BOSTON - A teenage boy in Middlesex County has died from the flu, becoming the fourth flu-associated pediatric death of the flu season, Massachusetts health officials said Tuesday.
"This latest pediatric flu-related death underscores the seriousness of influenza and the need for everyone over the age of 6 months to get vaccinated. Data suggests that we may be past the peak of the flu season, however, it is not over yet," Dr. Larry Madoff, medical director of the Bureau of Infectious Disease and Laboratory Sciences at the state Department of Public Health, said in a statement.
The other three deaths, which occurred in January and February, involved a 12-year-old boy from Milford, a 4-year-old girl from Framingham and a 4-year-old girl from Lowell.
The four pediatric deaths this flu season are quadruple the deaths seen last season, when one flu-associated pediatric death occurred in Massachusetts.
Reports of both influenza-like illness and flu-related hospitalizations have declined since their peak in February, state health officials said.
Medical experts continue to encourage people to stay vigilant about washing their hands and getting vaccinated to prevent the spread of disease.
Dr. Ari Cohen, chief of pediatric medicine at Massachusetts General Hospital, said the best thing people can do to protect themselves and others is to get a flu shot.
"Even if it's not the perfect vaccine, the fact that you've gotten the vaccine, you are probably more protected than if you had not been," Cohen said.
Just Monday, 101 students were out sick from Gardner Middle School after having flu-like symptoms, with the school nurse confirming five cases of the flu.
"If you’re sick with fever and a cough, you should not be attending a group function," Cohen said."You’re really putting your friends and loved ones at risk.”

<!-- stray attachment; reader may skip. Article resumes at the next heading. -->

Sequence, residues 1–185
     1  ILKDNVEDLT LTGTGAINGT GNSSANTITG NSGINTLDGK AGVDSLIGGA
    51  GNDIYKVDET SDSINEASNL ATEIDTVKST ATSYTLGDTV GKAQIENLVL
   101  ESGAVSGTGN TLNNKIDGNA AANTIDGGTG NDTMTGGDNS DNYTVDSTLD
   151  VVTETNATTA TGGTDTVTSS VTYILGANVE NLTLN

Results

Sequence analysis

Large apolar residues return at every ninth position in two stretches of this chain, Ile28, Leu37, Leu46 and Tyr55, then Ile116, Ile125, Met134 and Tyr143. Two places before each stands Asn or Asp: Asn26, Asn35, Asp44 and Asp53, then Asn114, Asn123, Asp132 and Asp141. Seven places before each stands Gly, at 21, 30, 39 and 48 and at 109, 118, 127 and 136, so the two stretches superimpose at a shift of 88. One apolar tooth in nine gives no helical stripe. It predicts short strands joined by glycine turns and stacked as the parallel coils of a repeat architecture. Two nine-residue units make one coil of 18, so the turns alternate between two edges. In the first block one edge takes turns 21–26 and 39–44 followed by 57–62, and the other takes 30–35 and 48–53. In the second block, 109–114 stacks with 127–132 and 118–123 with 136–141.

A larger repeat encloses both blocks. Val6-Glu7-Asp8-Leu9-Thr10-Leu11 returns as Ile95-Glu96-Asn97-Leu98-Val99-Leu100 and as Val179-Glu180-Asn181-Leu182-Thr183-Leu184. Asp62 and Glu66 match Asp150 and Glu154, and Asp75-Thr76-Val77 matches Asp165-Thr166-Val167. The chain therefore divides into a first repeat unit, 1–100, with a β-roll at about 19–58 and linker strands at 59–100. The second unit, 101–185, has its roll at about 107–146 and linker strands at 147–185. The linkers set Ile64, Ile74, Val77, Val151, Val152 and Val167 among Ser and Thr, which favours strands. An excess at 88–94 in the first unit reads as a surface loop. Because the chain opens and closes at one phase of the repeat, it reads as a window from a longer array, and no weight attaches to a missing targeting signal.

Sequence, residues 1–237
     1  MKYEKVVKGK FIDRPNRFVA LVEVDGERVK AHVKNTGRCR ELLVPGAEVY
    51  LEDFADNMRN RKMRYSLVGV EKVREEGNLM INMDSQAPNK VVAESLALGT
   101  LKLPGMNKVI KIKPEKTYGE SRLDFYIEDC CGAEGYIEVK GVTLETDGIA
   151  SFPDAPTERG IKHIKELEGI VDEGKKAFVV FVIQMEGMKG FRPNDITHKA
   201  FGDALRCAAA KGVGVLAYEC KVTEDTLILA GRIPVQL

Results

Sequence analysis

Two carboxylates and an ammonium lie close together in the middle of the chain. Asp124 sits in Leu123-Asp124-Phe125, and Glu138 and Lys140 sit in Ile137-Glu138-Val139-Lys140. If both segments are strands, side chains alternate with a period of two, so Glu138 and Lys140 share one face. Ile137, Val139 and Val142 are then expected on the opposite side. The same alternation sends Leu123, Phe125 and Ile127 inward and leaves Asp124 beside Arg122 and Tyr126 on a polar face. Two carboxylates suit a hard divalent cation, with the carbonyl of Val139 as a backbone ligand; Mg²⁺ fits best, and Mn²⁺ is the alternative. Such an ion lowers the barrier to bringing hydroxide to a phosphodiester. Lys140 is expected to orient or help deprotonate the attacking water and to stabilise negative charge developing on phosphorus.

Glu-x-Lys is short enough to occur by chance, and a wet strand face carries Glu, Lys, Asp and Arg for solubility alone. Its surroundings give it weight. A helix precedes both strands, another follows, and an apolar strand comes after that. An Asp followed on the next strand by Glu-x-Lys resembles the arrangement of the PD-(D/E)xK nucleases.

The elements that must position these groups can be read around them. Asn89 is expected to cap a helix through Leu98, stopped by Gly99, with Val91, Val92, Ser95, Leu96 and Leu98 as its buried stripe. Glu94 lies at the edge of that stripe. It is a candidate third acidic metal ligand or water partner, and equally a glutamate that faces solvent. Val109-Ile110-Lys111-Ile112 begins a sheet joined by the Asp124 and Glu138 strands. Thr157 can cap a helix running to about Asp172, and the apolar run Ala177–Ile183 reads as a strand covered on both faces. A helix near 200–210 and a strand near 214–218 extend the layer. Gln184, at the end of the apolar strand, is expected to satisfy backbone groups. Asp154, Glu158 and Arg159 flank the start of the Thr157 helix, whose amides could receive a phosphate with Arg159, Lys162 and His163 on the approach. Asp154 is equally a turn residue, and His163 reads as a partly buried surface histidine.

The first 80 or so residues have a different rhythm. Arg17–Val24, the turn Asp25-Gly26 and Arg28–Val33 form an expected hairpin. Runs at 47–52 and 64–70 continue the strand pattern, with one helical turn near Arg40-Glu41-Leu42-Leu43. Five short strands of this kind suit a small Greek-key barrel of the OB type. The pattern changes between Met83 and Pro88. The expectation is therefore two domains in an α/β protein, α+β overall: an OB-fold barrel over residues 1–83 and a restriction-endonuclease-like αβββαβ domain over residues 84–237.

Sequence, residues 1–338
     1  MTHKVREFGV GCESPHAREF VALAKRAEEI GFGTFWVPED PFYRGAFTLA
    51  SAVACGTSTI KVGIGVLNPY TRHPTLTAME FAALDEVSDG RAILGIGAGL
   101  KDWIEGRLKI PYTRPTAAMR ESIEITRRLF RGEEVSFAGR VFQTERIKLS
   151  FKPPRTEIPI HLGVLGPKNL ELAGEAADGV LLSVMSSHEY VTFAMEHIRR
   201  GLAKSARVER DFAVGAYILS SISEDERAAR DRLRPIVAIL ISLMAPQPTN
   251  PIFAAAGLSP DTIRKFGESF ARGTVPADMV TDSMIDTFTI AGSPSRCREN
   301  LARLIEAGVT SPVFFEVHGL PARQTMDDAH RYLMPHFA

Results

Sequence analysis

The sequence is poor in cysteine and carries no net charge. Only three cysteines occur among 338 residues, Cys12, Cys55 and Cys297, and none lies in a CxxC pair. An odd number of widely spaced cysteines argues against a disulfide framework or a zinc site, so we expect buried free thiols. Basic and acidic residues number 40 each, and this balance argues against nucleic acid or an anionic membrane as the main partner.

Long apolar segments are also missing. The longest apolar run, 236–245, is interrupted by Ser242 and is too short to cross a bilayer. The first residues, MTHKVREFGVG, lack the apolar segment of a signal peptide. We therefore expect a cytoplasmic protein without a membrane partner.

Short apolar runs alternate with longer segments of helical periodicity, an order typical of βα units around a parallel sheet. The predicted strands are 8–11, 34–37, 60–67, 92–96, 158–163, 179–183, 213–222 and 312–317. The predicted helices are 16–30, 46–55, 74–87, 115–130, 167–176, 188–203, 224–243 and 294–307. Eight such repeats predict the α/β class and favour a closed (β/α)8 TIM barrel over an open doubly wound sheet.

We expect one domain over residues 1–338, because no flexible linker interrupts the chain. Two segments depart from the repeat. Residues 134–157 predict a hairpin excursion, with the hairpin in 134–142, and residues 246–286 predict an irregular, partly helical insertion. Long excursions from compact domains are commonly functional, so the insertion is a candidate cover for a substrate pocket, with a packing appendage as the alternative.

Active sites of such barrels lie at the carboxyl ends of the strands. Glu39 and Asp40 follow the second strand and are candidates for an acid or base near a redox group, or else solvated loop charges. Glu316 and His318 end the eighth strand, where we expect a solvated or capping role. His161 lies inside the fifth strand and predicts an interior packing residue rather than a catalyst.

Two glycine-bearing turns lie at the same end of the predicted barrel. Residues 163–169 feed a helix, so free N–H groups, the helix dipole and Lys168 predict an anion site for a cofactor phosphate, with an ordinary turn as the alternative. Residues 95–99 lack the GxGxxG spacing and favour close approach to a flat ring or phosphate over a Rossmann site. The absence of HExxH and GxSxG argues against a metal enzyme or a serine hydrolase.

Dr. Lauren Gallagher, an emergency room physician at St. Luke's in New Bedford, gave tips for when parents should worry about taking their child to a doctor, listing certain symptoms to keep in mind.
"If your child has a fever and you give them Tylenol or Motrin and the fever is not coming down in response to the medications or if the child is throwing up the medicine," Gallagher said. "If you think they are having difficulty breathing, like their chest is rising back and forth very quickly."
One local doctor told Boston 25 News the height of the flu season lasts through March, and it may be difficult to get the flu vaccine.
When called Tuesday night, a local CVS said they didn't have any of the vaccine.
The U.S. Centers for Disease Control and Prevention estimates that there are between 12,000 and 56,000 deaths due to complications of flu in the U.S. each year.
State health officials estimate between 250 and 1,100 Massachusetts residents die annually from complications of influenza.
For more information on how you can protect yourself from influenza and flu-related hospitalizations in Massachusetts, visit the state's website.
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